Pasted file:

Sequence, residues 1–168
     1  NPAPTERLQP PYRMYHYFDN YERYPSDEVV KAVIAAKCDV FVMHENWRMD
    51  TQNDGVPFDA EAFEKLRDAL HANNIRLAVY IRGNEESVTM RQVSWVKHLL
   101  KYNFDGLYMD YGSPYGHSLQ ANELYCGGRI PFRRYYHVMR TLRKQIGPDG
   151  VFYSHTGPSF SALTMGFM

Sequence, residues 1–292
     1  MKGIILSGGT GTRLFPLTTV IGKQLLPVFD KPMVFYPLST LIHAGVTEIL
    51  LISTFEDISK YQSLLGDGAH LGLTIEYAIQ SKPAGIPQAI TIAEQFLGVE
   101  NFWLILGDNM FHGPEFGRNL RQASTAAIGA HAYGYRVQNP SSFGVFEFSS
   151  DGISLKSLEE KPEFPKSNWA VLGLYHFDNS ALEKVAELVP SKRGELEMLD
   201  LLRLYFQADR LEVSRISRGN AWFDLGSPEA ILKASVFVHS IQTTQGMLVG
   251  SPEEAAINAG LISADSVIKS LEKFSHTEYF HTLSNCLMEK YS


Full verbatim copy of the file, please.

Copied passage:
Sequence, residues 1–168
     1  NPAPTERLQP PYRMYHYFDN YERYPSDEVV KAVIAAKCDV FVMHENWRMD
    51  TQNDGVPFDA EAFEKLRDAL HANNIRLAVY IRGNEESVTM RQVSWVKHLL
   101  KYNFDGLYMD YGSPYGHSLQ ANELYCGGRI PFRRYYHVMR TLRKQIGPDG
   151  VFYSHTGPSF SALTMGFM

Sequence, residues 1–292
     1  MKGIILSGGT GTRLFPLTTV IGKQLLPVFD KPMVFYPLST LIHAGVTEIL
    51  LISTFEDISK YQSLLGDGAH LGLTIEYAIQ SKPAGIPQAI TIAEQFLGVE
   101  NFWLILGDNM FHGPEFGRNL RQASTAAIGA HAYGYRVQNP SSFGVFEFSS
   151  DGISLKSLEE KPEFPKSNWA VLGLYHFDNS ALEKVAELVP SKRGELEMLD
   201  LLRLYFQADR LEVSRISRGN AWFDLGSPEA ILKASVFVHS IQTTQGMLVG
   251  SPEEAAINAG LISADSVIKS LEKFSHTEYF HTLSNCLMEK YS